Let’s face it: adults don’t always have the best sleep habits. True, adults need to sleep less than children or even teenagers. But we often push the envelope and get much less sleep than we need.
This raises the question: Just how much sleep should adults get?
Sleep Needed, By Age
The National Sleep Foundation, a nonprofit aimed that promotes healthy sleep, reports that the amount of sleep the average needs varies from person to person. Some people need more than others, some less.
That said, there are some rough guidelines for the amount of sleep we should be getting, according to age. Young adults (ages 18-25) and adults (ages 26-64) need around seven to nine hours of good, solid rest per night. Older adults (ages 65 and over) can get by with slightly less sleep, needing between seven and eight hours. Pregnant women may need 2-3 hours more than the usual recommendation. These ranges were determined by a panel of 18 prominent scientists and researchers who reviewed over 300 separate studies on how much sleep is ideal.
How Much Sleep Do I Need, Really?
Even with all these studies, some folks still wonder how much they can “get away with.” What’s the big deal if we miss a few hours of sleep here and there? Isn’t it OK to party with friends, as long as you get some “catch-up sleep” down the road? Can’t we get away with sleeping less at night, as long as we are eating right and napping during the day?
Before answering these questions, it is important to realize that sleep is more than just a way of avoiding being tired. Drowsiness, like hunger, is a signal to our bodies that we’re missing something very, very important. Everyone knows that we don’t just eat to stop feeling hungry; we also eat so that we can have proper nutrition and energy. Sleep is the same way: we sleep not just to stop feeling tired, but to give our bodies the proper time to adjust, repair, and grow.
If you are not getting enough sleep at night, this is known as sleep debt. Sleep debt is just the difference between the amount of sleep you should be getting and the amount you are actually getting. Various sleep disturbances can create a debt, as can staying up late to work, stay out, or even watch TV. In the U.S., most adults add to their sleep debt little-by-little every day.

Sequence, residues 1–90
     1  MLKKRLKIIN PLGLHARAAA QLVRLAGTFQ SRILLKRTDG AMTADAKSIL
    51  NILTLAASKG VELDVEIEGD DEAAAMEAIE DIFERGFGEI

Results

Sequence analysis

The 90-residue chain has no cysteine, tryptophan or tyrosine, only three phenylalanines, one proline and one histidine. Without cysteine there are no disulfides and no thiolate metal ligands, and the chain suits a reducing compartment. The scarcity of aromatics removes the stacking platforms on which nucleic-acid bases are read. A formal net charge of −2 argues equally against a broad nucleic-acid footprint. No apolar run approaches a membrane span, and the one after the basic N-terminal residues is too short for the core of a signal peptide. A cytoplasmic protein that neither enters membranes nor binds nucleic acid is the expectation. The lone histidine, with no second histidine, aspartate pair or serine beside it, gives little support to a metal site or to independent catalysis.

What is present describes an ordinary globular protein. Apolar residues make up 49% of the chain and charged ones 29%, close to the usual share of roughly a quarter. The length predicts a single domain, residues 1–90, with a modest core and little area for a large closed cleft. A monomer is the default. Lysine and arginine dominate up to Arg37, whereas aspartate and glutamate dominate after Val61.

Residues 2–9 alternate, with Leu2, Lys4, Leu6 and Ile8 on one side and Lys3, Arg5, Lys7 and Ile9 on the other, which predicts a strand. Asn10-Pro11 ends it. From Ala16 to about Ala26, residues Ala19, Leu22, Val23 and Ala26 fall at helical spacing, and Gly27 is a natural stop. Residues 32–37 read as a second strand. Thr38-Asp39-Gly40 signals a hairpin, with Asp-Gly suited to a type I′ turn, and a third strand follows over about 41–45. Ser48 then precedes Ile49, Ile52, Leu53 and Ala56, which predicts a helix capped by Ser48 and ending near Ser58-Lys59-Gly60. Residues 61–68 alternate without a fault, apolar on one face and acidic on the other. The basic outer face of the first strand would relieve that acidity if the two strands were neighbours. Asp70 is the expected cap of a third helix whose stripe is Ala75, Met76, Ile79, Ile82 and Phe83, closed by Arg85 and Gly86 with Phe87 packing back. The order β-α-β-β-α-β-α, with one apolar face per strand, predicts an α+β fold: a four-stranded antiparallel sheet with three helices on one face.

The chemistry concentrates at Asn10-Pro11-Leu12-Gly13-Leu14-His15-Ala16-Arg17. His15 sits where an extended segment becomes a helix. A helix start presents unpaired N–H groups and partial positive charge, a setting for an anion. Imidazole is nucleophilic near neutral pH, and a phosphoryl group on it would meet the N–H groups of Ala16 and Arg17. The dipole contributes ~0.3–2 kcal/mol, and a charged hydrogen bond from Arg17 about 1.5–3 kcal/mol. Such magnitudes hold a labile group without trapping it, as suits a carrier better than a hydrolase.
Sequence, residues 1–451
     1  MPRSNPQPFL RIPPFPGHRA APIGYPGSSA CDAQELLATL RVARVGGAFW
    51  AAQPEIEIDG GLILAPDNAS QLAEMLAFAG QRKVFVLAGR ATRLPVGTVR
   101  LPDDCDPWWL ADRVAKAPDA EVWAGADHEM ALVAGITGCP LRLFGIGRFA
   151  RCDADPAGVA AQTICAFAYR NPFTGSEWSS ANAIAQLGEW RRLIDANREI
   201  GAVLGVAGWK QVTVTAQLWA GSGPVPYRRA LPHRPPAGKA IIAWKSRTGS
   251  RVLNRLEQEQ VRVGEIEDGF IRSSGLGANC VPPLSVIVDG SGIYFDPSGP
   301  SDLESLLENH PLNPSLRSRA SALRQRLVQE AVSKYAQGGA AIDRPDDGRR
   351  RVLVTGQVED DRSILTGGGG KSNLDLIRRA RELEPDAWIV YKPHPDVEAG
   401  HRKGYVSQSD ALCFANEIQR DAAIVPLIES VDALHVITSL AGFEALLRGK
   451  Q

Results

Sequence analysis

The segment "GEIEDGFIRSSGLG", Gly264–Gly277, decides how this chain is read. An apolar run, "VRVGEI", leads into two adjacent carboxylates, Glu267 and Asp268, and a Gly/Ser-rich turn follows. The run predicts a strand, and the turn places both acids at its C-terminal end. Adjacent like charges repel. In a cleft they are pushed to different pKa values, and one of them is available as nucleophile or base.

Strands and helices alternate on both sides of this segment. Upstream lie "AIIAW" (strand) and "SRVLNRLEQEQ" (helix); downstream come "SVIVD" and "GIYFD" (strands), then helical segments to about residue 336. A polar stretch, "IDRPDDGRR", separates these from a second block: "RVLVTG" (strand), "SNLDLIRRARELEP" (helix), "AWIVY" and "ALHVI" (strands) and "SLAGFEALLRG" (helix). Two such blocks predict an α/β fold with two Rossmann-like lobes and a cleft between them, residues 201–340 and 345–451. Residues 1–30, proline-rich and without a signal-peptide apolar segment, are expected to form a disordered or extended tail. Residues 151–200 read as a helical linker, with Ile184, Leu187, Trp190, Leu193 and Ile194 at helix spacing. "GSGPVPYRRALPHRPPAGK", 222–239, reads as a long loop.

The bad news is that your sleep debt cannot simply be “paid off” in one installment. For example, you can’t work late at night several days in a row and then get back to normal by sleeping through the weekend.
However: that sleep debt can be repaid little by little over time. An extra hour or two of sleep a night when you can manage it will help your body and brain catch up on their needed repair and replenishment work.
Inability to Sleep?
If you are really sleep deprived, it can take several months before you are able to pay off your sleep debt and get back into a regular sleep routine. Most sleep problems develop over time, and so it takes
That said, you can incur a huge amount of sleep debt even if you are do all the right things to get a good night’s rest. This often happens when a sleep disorder goes undiagnosed. The problems disrupting your sleep on a nightly basis, slowly adding to your sleep debt over time.
Some warning signs that you might have a sleep disorder include:
- Trouble falling asleep
- Trouble staying asleep
- Waking up drowsy or “groggy”
- Excessive sleep
- Chronic tiredness during the day
- Frequent snoring
- Night sweats
- Sleep walking or talking during sleep
- Moodiness during the day that accompanies any of the above
If these symptoms last more than a couple of weeks, you should visit your physician to see if there may be an underlying disorder that needs attention. Getting that seven to nine hours can be tough enough without having to work against your own body!
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